The font is 8.0 but it is one of the more readable 8-point fonts that are available. This is a black letter text, as most NRSV Bibles are, and the black is a deep rich ebony, which is crisp and uniform throughout. Translation notes are also in black, and they are plentiful. They are in a 6-point font so there is a potential of difficulty for near sighted people like me.

The Scripture is laid out in a double column paragraph format. I do prefer a verse-by-verse format but Oxford executes the Biblical layout very well. Verse numbers are a little smallish but this Bible does something interesting with subject headings; they are actually in the footer.

The paper is not listed as India Paper, but it feels very similar to the India Paper that Cambridge uses and it is not entirely illogical to think that this is India Paper. It is very soft, thin but not annoyingly so, and a fairly crisp white gold gilding on the edges. There are tiny instances of show through, especially in the poetry books, but it is very minimal.

Cover, Binding, Ribbons

The cover is black pigskin (Standard as genuine leather). The cover is full grain and very pleasing to the touch, The liner is paste down, which annoys me; I think only bonded leather should include a paste down liner. Genuine leather is the baseline for deluxe/premium Bibles and really ought to include an edge-to-edge leather liner.

Naturally, Oxford has sewn the binding. This Bible is very clearly intended as a daily use Bible and the sewn binding ensures that it will last a lifetime. As it happens, the cover will need to be replaced long before the binding gives out. The binding is sewn very tightly and will require a couple of weeks of use before it will lay flat in Genesis or Revelation, but after a couple weeks of continuous use, it will lay flat in any scripture portion.

There are two yellow silk ribbons provided.  One will mark your Old Testament readings and your New Testament Readings. Clearly it will not be enough if you use this Bible for preaching or teaching, but you can have additional ribbons added by a competent re-binder.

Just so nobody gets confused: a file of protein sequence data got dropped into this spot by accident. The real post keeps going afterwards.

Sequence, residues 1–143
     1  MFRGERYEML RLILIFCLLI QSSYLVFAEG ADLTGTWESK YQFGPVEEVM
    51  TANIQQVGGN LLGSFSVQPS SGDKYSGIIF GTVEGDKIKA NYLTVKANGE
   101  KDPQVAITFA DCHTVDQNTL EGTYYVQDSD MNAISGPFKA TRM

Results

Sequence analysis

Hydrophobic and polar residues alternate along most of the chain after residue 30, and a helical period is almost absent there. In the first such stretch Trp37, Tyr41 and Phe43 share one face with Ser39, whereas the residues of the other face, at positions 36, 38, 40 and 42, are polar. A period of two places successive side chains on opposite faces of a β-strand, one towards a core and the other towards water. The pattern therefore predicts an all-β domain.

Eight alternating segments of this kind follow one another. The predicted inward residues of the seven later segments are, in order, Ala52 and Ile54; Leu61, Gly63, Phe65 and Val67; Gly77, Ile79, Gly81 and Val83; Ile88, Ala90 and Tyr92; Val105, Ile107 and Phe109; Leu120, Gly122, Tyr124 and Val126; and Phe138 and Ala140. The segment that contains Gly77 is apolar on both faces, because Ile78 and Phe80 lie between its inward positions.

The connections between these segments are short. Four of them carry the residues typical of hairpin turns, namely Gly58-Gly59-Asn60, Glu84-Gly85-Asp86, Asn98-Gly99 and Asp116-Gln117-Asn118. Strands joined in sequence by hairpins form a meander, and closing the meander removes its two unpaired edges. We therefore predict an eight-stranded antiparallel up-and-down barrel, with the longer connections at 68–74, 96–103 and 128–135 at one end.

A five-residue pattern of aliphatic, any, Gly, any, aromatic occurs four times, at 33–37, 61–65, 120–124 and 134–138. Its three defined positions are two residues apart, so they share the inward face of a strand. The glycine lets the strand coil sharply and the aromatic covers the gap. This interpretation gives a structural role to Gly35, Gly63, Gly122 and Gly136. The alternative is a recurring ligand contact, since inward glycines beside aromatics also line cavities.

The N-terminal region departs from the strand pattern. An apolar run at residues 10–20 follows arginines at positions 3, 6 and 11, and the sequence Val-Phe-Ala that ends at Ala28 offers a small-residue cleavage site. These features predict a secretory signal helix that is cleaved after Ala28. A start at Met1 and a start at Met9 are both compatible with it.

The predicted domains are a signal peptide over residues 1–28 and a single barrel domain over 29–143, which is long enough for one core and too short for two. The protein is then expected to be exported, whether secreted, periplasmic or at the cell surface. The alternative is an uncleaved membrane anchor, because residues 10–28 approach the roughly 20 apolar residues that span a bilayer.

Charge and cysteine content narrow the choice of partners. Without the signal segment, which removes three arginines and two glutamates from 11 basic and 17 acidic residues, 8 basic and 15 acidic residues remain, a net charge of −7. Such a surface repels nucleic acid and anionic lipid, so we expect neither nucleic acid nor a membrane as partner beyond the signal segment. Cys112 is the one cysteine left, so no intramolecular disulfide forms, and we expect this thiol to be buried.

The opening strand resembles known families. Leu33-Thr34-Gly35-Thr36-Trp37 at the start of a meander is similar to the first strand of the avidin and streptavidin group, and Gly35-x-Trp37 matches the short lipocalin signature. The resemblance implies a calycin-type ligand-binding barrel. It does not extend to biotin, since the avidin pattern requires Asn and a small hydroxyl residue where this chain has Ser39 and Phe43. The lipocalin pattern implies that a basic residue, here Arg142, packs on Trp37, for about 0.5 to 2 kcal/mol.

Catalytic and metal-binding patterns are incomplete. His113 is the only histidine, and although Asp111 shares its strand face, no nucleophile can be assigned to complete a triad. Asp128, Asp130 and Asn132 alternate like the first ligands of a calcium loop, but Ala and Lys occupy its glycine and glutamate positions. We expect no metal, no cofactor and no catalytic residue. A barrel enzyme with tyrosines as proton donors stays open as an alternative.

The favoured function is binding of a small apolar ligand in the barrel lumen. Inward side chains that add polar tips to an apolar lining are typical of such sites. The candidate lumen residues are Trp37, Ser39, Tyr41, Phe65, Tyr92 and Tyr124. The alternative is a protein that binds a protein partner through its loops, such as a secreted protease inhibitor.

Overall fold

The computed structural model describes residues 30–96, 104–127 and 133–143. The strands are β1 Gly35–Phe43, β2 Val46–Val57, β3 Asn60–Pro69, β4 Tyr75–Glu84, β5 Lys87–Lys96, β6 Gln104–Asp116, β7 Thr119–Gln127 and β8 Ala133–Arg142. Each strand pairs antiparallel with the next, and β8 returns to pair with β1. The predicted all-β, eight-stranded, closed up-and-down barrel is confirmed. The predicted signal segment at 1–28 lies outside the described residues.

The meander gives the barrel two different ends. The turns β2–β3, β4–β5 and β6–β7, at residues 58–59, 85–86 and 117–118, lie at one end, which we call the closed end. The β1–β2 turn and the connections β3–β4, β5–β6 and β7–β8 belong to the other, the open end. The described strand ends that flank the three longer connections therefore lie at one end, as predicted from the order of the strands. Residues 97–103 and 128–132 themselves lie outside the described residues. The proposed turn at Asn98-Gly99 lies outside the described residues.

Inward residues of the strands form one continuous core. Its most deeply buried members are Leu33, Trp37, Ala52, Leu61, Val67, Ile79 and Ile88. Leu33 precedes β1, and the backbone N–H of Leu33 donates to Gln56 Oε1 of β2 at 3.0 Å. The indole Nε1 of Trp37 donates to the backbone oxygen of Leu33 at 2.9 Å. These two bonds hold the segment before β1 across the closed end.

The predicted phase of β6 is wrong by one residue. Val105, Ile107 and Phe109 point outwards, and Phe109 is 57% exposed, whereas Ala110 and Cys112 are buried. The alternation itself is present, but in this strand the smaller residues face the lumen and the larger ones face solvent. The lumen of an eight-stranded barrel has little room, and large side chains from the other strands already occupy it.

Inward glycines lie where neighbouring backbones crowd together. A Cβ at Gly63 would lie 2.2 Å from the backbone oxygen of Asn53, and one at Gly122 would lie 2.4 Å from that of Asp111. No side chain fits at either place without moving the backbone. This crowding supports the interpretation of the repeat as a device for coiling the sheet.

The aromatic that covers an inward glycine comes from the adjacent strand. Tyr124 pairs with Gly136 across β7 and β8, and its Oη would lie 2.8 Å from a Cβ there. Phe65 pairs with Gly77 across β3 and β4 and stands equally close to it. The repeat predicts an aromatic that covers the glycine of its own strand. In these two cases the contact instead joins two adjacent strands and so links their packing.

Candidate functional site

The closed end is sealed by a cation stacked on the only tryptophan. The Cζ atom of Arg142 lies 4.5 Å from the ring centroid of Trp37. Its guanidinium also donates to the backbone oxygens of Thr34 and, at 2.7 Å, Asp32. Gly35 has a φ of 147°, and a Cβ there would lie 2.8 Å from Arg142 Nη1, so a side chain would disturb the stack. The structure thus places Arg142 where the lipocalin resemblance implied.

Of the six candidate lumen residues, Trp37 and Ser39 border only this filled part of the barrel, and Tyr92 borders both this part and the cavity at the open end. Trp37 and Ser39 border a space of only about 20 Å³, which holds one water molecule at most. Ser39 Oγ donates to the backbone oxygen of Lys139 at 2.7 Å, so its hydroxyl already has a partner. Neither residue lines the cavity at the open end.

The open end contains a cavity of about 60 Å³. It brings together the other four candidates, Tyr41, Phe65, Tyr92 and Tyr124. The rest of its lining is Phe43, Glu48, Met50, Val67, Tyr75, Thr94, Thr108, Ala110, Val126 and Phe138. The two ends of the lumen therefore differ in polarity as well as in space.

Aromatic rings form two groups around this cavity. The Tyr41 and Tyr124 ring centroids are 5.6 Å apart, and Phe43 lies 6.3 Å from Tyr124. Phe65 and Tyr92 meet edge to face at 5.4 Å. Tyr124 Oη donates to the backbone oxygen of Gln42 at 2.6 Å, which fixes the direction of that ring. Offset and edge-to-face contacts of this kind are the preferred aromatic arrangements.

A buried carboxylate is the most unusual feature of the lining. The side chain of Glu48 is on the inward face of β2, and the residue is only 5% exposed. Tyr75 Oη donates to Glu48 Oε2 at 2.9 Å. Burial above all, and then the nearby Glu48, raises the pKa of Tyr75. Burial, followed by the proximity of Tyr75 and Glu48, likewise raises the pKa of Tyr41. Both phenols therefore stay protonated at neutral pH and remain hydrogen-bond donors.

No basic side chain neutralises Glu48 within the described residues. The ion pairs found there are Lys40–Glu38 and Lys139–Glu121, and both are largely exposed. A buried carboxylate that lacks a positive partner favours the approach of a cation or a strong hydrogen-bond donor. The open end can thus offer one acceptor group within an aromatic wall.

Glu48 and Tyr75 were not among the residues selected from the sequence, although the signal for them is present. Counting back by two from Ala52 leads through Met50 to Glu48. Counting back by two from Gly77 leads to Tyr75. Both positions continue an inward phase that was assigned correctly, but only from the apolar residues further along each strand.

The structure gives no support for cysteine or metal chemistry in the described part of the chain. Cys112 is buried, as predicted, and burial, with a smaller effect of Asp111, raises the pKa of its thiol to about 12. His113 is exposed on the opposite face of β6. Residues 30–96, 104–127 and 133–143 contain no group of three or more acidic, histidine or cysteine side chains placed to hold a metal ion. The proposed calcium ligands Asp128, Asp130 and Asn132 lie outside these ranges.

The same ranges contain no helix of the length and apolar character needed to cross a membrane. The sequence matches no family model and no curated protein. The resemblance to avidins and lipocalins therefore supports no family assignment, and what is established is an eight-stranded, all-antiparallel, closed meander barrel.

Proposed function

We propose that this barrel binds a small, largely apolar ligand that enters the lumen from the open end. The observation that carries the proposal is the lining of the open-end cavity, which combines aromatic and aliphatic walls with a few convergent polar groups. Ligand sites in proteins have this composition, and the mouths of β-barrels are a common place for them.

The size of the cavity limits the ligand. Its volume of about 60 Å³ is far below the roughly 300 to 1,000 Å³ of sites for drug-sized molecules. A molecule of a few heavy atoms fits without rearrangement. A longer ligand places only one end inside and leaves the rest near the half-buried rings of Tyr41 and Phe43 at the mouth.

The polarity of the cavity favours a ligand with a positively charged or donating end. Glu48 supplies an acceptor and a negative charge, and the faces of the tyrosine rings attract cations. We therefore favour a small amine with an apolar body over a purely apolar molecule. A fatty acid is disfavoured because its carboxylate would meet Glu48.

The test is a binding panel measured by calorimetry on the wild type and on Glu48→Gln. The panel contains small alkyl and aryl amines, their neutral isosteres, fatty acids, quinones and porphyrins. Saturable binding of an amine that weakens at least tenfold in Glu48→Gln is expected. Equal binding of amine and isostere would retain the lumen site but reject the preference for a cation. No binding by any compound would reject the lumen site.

Helps

There are not very many helps; I do not really find that to be a problem. Oxford provides what they refer to as a Select Concordance; it is abbreviated but not inadequate. You will find more than enough subjects for lesson prep.

There are also a few thousand translator’s footnotes. These include textual variants and alternate English readings. I really enjoy translator’s footnotes as they tend to give you an insight into the minds of the committee members.

For Preaching and Carry

The compact size of this Bible makes it ideal for every day carry. It is certainly light enough to prevent you from getting tired arms if using in for one handed carry.

As a preaching Bible, your results will vary. For me, I cannot leave it rest on the pulpit while I preach, I have to hold it. I have a tendency to be peripatetic while I am teaching and the size definitely lends itself to walking and talking. The layout is very well suited to preaching and teaching. I wish the margins were large enough to make some annotations but I won’t quibble over petty details.

Who Should Buy

The NRSV is best suited to those in seminary or to those in mainline protestant denominations (I frequently find NRSV in United Methodist Churches and Lutheran Churches.) This particular edition of the NRSV is very well suited to the teacher on the go.

 

 

 

 

Zondervan Premier Collection NIV Large Print Thinline Bible Review

Zondervan Premier Collection NIV Large Print Thinline Bible Review

 

 

Disclosure: Zondervan provided this Bible free of charge in exchange for an honest review. I was not required to post positive comments; my opinions are my own.

Crossway, Cambridge University Press, Broadman & Holman, R. L. Allan and Sons, Schuyler, Thomas Nelson (Harper Collins), and now Zondervan (Harper Collins). What do all these publishers have in common? They all publish deluxe/premium Bibles in various English versions and at varying ranges of the pricing spectrum. The closest in materials and price point to the Harper Collins Premier Collections are from Crossway and Holman. We will compare the Crossway and Holman editions today as well.

I am reviewing the Large Print Thinline NIV and I will compare it to the the Holman CSB Large Print Ultra-thin Reference Bible (LPUT) and the Crossway ESV Large Print Bible.

Product Description from Zondervan